Examination of Two Differing Experiential Approaches to All-Terrain Vehicle (ATV) Safety Trainings Among Youth in Oklahoma
Rosson, Haley Nicole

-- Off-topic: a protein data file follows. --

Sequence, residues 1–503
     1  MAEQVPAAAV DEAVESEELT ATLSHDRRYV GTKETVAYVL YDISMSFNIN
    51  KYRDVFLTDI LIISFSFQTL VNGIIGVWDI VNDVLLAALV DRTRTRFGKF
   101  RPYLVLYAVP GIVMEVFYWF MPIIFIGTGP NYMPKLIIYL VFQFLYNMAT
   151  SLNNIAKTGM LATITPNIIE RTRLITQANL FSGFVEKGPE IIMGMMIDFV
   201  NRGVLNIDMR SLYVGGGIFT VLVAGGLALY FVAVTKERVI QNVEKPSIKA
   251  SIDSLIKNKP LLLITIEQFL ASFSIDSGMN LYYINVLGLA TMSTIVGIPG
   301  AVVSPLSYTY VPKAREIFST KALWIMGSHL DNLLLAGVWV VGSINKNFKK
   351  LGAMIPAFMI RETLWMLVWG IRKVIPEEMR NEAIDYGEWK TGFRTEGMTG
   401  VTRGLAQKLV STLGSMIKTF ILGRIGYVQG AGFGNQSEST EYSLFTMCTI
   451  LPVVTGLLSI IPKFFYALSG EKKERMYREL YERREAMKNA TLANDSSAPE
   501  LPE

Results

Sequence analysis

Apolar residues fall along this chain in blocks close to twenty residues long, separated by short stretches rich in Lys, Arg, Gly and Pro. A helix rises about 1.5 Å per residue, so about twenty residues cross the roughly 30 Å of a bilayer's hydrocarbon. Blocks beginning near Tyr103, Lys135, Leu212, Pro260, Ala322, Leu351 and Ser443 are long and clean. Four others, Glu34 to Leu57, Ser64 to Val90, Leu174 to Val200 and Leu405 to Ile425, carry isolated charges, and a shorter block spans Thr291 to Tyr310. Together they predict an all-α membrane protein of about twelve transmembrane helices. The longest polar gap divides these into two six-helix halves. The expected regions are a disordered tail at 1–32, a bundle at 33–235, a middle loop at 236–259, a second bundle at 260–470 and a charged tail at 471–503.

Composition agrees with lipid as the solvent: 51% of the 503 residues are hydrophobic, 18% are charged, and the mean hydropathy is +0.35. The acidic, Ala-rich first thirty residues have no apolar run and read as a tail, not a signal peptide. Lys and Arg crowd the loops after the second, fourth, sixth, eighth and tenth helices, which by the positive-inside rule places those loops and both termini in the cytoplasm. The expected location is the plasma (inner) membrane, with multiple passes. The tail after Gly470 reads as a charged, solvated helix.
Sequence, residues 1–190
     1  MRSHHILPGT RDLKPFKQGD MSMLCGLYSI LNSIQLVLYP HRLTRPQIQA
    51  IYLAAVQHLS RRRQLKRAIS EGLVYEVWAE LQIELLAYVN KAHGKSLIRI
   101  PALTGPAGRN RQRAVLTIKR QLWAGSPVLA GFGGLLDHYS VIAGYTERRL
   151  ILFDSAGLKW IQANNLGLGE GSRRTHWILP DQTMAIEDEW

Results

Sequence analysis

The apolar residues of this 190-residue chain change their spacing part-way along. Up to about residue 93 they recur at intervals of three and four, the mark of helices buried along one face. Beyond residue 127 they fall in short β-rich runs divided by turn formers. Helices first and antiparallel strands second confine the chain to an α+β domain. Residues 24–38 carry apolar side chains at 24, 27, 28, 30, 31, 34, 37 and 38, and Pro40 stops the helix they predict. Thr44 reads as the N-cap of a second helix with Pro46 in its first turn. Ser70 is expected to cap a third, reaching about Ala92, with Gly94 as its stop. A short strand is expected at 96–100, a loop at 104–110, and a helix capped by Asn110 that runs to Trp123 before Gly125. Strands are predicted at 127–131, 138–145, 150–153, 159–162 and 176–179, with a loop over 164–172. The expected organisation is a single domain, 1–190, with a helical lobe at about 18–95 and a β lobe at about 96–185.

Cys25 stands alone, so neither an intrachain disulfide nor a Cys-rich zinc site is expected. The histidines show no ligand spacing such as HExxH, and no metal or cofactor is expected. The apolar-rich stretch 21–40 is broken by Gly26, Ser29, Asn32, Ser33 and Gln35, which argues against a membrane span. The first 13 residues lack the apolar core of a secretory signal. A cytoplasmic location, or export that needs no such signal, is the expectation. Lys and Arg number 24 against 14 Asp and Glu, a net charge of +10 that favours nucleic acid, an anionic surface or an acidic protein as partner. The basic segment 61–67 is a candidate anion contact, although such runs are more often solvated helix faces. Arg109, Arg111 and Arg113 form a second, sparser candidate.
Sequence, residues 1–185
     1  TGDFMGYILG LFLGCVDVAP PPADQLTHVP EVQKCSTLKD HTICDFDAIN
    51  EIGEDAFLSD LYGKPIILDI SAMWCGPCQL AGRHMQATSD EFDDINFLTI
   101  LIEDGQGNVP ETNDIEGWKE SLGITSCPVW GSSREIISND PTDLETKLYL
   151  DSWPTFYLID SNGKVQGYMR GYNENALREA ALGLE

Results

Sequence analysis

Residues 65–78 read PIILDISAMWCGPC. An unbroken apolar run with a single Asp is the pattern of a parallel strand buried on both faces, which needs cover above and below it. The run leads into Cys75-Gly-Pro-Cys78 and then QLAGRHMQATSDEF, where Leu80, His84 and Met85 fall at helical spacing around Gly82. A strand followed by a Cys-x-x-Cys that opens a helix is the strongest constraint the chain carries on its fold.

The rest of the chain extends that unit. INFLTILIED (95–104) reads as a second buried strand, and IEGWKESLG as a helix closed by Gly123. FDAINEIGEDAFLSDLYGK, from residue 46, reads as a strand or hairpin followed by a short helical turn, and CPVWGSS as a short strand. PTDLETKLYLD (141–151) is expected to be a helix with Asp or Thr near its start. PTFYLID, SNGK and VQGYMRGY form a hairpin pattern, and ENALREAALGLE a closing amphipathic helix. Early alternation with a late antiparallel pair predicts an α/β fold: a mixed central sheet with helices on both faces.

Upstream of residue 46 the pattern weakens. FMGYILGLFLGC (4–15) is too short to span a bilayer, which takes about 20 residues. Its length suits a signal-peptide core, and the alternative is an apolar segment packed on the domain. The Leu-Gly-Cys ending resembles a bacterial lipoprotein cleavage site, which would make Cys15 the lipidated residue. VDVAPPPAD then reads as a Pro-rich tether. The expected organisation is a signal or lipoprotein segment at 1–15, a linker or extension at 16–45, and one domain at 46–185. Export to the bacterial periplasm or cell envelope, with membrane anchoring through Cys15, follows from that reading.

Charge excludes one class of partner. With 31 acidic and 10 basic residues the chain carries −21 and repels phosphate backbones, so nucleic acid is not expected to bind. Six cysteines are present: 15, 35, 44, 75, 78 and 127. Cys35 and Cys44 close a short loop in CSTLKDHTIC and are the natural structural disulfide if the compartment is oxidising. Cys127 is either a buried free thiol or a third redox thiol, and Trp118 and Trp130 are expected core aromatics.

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Each year in the United States, hundreds of fatalities and thousands of accidents are reported related to all-terrain vehicle (ATV) usage. Youth are considered an especially at-risk population, predominantly children 16 years of age or younger, because they tend to ride without helmets or safety gear, carry passengers, ride on public roads and/or highways, and operate machines much too large and powerful for their size. This study examined two types of experiential approaches to ATV safety trainings: (a) an interactive training conducted at the Oklahoma Wildlife Expo, which included both a classroom segment and a riding segment, and (b) a school-based training, which included a presentation, coupled with static demonstrations using both youth- and adult-model ATVs and safety equipment, and a short film. Kolb's (1984, 2015) experiential learning theory served as the theoretical framework for this study.A non-experimental, one-group survey research design was utilized to examine youth 10-18 years of age who participated in an interactive ATV safety training held at the 2017 Oklahoma Wildlife Expo. Prior to participation in the training, youth completed a self-reported questionnaire about their ATV usage behaviors and knowledge. Participants demonstrated mixed results pertaining to their level of ATV-related safety knowledge and behaviors, indicating that there is substantial room for improvement in terms of altering unsafe riding behaviors.A one-group pre-test/post-test research design was utilized to examine youth participating in a school-based ATV safety training at a rural middle/high school in Oklahoma. Students completed a pre-test survey instrument designed to measure ATV usage behaviors and knowledge prior to participation in the training, and a post-test survey instrument approximately three months after the training was completed. Similar to the findings of participants from the Wildlife Expo, students in the school-based training demonstrated mixed results pertaining to their level of ATV-related safety knowledge and behaviors, indicating that the training was marginally effective at increasing ATV safety knowledge, and was largely ineffective at changing ATV-related behaviors. Continued research efforts are called for in order to improve existing training efforts.
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